Oral Biology, M.Sc.
Head: Dr. James Gilchrist
Campus Address/General Office: D212 - 780 Bannatyne Avenue
Email Address: firstname.lastname@example.org
Academic Staff: Please refer to the Oral Biology website for Academic staff information.
Oral Biology Program Information
The Department of Oral Biology offers graduate instruction and research leading to Master of Science and Doctor of Philosophy degrees.
Admission to the Faculty of Graduate Studies
Application and Admission Procedures are found in the Academic Guide.
Admission requirements for Master’s students are found in the Master’s Degrees General Regulations section of the Guide.
Oral Biology M.Sc. Admission Requirements
Students should possess an appropriate professional degree or B.Sc. degree with a satisfactory background in biological sciences.
Students should complete and submit their online application with supporting documentation by the date indicated on the Oral Biology M.Sc. program of study page.
The M.Sc. program requires satisfactory completion of course requirements as specified by each student’s supervisory committee and a thesis based on original research. Minimum course requirements are 12 credit hours which must include course ORLB 7190 (unless students have previous credit for this or an equivalent course).
M.Sc. students are expected to attend all departmental seminars. Students shall present one seminar on their research to the department each year, updating it each year.
In addition, students must pass an oral examination on the subject of the thesis and matters relating thereto.
Expected Time to Graduate: 2 years
|GRAD 7300||Research Integrity Tutorial||0|
|GRAD 7500||Academic Integrity Tutorial||0|
|ORLB 7190||Communication Skills in Dental Research||3|
|Courses at the 7000 level||9|
|GRAD 7000||Master's Thesis||0|
Students should familiarize themselves with the Faculty of Graduate Studies ‘GRAD’ courses applicable to their program. If you have questions about which GRAD course(s) to register in, please consult your home department/unit.
All new or returning graduate students must have identified a faculty member willing to act as thesis supervisor. This must be done through personal interviews prior to registration. All programs of study must be approved by the department head or chair of the Graduate Studies and Research Committee.
Not all departmental graduate level courses are offered each year. Consult with appropriate faculty members.
Students must meet the requirements as outlined in both Supplementary Regulation and BFAR documents as approved by Senate.
Individual units may require specific requirements above and beyond those of the Faculty of Graduate Studies, and students should consult unit supplementary regulations for these specific regulations.
Bona Fide Academic Requirements (BFAR)
Bona Fide Academic Requirements (BFAR) represent the core academic requirements a graduate student must acquire in order to gain, and demonstrate acquisition of, essential knowledge and skills.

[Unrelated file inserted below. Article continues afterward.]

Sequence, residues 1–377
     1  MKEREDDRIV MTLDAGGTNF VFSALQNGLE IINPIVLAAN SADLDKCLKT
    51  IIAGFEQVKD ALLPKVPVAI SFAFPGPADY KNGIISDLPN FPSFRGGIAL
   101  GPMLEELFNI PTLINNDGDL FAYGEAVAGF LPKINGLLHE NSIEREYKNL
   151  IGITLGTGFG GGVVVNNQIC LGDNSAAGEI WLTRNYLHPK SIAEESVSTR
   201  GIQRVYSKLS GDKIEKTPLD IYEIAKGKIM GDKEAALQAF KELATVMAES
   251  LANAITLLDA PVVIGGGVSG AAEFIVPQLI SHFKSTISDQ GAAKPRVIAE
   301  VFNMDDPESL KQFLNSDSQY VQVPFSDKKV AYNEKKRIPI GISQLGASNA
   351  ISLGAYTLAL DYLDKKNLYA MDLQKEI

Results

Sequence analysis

All students must successfully complete:
- GRAD 7300 prior to applying to any ethics boards which are appropriate to the student’s research or within the student’s first year, whichever comes first; and
- GRAD 7500 within the first term of registration;
Students must also meet additional BFAR that may be specified for their program.
All students must:
- maintain a minimum degree grade point average of 3.0 with no grade below C+,
- meet the minimum and not exceed the maximum course requirements, and
- meet the minimum and not exceed the maximum time requirements (in terms of time in program and lapse or expiration of credit of courses).
A combined lecture and seminar course on the pharmacological basis of therapeutics. Special attention will be paid to drugs used commonly in the practice of dentistry, their side effects and their interaction.
Study of principles of ecology in relation to the various ecosystems in the oral cavity. In depth examination of the taxonomic relationships of oral bacterial species. Emphasis will be placed on the growth and metabolic activities of oral bacteria which lead to successful colonization of the mouth.
The description of the aetiology of microbial infections in the mouth and infections elsewhere in the body which involve oral bacteria. The control of such infections by vaccines, antibiotics and antimicrobial drugs. Treatment of infections in the immuno-suppressed, post- operative infections and nosocomial infections. The relationships of host immune system to the oral flora.
Each student will be required to carry out a minor research project in an area of oral biology other than that of their thesis work. The results of this project will be presented in a seminar and submitted as a written report.
A comprehensive study of the macromolecular constituents of connective tissue, of their synthesis, metabolism, macromolecular interaction in health and disease, and of their regulatory mechanisms.
This course will cover the structure and function of cell membrane receptors. The mechanisms and regulation of membrane coupled signal transduction pathways including those stimulated by oral tastants and drugs will also be covered.
This course deals with the molecular pathology of the oral cavity and maxilofacial complex.
This course examines the peripheral and central mechanisms associated with pain. Endogenous pain control systems and the pharmacological treatment of pain will also be covered.
This course is given by staff in the form of lectures and tutorials. Additional lectures may be given by visiting scientists. Students are expected to familiarize themselves with the relevant literature and are examined for an in-depth appreciation of the topics covered.
A course to develop written, visual and oral communication skills in scientific and clinical disciplines related to dentistry.